Note- these shows aren’t pre-scripted or discussed before we start. We pick a topic and go. Sometimes we’re just bouncing ideas as they come- and are here for you to share in the discussion. We value your input, and hope that you find something stimulating in the discussion.

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Jeff of LouisvilleFTLODDavid LaurijstultsJesse Recent comment authors
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Unions are a thing of the past.


Your title is so funny.  “Unions a Good Idea Lost.”  I think that the concept of unions were a bad idea that have been expanded throughout society.
Essential concept:  You can join together and vote and if you get a majority then you can force (via government coercion) the owners of property to “negotiate” with you and they may not hire replacement workers without “approval” from the agent of coercion.
People now believe that social security is a right.
People now believe that health care is a right.
People now believe that a minimum wage is a right.
People now believe that they have the right to stop owners and their customers from smoking in their own businesses.
People now believe that unemployment benefits are a right.
People have joined together and voted on the ability to steal from others and give to themselves using the coercion of the government to enforce the will of the majority.  Who needs to be a member of any specific union…we can do it en masse.


Watch the dancing state population graph (new Google toys).


Unions seem to destroy any given business/any given industry if given enough time. The idea of paying someone well beyond their retirement years is a sure way for any business/industry to fail. Fund your own retirement. I do and it works out just fine.

David Lauri

People now believe that social security is a right.
People now believe that health care is a right.
People now believe that a minimum wage is a right.

You’ll like this article from the BBC, “Internet access is ‘a fundamental right.’” It reports that “Countries such as Finland and Estonia have already ruled that access is a human right for their citizens” and that “International bodies such as the UN are also pushing for universal net access.”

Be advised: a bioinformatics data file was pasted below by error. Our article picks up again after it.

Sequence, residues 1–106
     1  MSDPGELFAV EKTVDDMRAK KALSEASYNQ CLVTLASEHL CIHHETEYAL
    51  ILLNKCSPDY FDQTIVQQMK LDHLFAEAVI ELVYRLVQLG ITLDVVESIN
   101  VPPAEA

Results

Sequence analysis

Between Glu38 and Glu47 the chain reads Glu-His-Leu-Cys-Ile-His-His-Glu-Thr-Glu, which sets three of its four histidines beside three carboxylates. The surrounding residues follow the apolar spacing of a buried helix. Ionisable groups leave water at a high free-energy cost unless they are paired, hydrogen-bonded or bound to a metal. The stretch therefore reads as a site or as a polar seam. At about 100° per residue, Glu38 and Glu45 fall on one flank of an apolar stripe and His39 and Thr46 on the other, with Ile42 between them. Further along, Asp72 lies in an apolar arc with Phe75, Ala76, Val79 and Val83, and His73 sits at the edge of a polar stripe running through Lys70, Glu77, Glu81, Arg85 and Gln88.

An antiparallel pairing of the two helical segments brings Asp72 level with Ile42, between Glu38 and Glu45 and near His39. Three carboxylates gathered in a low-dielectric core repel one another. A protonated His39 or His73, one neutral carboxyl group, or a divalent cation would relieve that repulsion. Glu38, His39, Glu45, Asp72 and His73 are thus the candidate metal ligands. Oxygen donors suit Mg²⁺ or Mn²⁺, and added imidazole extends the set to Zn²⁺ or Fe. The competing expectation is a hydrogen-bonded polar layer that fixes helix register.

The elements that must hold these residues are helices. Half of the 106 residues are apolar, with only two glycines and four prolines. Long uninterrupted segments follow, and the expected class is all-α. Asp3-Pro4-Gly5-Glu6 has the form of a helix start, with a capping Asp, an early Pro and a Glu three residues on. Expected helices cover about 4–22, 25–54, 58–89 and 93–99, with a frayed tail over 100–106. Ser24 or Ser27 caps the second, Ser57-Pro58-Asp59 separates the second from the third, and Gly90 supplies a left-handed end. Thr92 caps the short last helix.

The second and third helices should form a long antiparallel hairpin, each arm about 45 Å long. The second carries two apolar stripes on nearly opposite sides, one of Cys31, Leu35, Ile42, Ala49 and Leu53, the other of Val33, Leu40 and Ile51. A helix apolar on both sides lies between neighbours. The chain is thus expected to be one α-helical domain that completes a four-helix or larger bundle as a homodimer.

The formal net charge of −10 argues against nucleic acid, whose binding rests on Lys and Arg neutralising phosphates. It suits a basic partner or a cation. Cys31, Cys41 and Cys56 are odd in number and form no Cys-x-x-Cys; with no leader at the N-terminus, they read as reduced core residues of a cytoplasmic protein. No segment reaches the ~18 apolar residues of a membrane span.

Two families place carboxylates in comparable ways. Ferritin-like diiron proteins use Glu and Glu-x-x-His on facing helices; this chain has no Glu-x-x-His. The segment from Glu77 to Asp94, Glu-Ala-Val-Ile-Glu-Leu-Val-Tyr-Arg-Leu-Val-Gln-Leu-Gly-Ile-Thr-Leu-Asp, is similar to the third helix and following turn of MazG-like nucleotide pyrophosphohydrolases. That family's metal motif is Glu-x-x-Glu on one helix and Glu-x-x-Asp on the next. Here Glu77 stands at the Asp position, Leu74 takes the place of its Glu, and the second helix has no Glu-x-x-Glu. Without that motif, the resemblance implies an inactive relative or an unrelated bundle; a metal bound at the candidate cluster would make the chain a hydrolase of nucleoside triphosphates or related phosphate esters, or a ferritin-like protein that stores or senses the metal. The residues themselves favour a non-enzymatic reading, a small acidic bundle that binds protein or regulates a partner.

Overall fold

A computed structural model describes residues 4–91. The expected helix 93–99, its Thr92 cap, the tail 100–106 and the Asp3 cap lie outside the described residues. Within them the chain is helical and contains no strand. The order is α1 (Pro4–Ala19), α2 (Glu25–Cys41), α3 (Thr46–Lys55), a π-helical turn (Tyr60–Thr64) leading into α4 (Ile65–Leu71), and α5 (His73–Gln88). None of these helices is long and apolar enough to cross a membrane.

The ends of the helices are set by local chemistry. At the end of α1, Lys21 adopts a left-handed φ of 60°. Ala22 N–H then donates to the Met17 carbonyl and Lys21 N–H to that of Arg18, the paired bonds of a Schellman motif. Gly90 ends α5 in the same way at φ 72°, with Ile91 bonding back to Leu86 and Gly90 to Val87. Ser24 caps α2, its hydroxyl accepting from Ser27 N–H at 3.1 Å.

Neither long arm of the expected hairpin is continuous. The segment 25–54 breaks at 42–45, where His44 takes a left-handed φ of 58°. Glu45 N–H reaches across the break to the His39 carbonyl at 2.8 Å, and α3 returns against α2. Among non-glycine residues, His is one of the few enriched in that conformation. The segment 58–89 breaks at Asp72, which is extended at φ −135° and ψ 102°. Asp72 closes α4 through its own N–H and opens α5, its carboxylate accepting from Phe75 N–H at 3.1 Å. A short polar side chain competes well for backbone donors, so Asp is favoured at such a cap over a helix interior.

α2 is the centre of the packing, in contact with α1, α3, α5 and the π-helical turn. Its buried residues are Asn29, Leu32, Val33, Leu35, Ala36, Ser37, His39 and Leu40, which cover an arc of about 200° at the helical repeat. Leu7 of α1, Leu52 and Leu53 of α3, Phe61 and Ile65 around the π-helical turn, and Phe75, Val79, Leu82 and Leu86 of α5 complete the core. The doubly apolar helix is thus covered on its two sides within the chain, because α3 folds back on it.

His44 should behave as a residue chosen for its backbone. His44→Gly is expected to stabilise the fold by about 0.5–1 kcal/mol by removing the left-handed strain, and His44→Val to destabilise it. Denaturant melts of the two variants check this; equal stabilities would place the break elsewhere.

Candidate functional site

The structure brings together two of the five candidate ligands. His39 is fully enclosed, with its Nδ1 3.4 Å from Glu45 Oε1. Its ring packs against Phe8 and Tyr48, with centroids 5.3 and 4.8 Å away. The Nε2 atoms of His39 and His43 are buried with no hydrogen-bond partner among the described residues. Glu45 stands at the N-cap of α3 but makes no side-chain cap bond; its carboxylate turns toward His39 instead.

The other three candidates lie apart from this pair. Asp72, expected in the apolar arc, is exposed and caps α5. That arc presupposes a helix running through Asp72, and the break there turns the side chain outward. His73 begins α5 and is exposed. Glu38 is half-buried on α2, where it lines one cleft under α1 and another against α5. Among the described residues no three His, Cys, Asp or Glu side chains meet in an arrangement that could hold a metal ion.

Jeff of Louisville
Jeff of Louisville

The history of unionization Dayton is obscure, but there is stuff out there if you look hard enough.  One of what I wrote was speculation, about the influence of the briars.  They were supporters, though.  At least one or two were organizers and officers in the UE.   Two other things influencing unionization sucess here was , perhaps, the economy coming out of the Depression and the Wagner Act curtailing the free hand of management to break unionization drives.
For a great blog post (with pix) on the high water mark of the UE organizing efforts, a big strike involving thousands on the picket lines and the National Guard patrolling the streets of Old North Dayton, read this one on the Great Univis Strike of 62 years ago in the spring and summer of 1948:


I wonder what effect Taft-Hartley had on unions in Dayton.

Jeff of Louisville
Jeff of Louisville

I think the city was pretty much organized by the time Taft-Hartley came on the scene.   Check out the map “The CIO Organizes Dayton” at this blog post on “Organizing Dayton”: nearly every major industrial employer was unionized by the late 1940s, with one exception:
That was a fairly impressive sucess, and would be unthinkable in modern times given the animosity towards the concept of unions.